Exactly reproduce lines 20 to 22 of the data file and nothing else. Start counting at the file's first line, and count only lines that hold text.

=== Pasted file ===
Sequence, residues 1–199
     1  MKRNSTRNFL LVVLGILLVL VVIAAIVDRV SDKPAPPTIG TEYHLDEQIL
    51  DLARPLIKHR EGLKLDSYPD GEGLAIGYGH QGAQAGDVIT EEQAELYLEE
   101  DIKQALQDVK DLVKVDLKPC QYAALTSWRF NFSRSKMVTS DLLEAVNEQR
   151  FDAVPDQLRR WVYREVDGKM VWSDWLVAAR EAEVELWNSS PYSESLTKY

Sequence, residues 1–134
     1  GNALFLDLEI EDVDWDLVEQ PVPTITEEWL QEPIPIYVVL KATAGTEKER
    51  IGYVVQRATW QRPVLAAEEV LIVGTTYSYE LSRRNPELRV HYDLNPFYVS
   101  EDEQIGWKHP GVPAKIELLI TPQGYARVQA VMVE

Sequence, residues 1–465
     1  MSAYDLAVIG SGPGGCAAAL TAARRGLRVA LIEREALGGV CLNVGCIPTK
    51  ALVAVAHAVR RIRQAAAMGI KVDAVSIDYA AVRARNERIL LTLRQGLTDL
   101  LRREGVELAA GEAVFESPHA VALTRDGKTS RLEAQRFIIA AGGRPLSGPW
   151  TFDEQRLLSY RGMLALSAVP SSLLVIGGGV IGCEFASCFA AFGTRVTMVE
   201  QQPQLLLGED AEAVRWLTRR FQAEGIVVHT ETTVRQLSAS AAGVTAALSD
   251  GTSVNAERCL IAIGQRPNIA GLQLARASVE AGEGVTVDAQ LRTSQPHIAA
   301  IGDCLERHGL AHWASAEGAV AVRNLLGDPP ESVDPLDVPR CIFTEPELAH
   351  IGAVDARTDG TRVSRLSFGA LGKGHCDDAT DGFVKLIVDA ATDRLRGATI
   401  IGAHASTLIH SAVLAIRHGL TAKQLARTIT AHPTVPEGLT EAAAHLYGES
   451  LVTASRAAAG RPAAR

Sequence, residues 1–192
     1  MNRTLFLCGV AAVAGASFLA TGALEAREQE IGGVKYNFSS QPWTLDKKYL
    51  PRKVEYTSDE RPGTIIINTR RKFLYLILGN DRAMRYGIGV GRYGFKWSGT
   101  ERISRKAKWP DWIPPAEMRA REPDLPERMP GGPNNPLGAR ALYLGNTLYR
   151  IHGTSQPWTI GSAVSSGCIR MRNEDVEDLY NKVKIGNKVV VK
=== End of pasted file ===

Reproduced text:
   451  LVTASRAAAG RPAAR

Sequence, residues 1–192
     1  MNRTLFLCGV AAVAGASFLA TGALEAREQE IGGVKYNFSS QPWTLDKKYL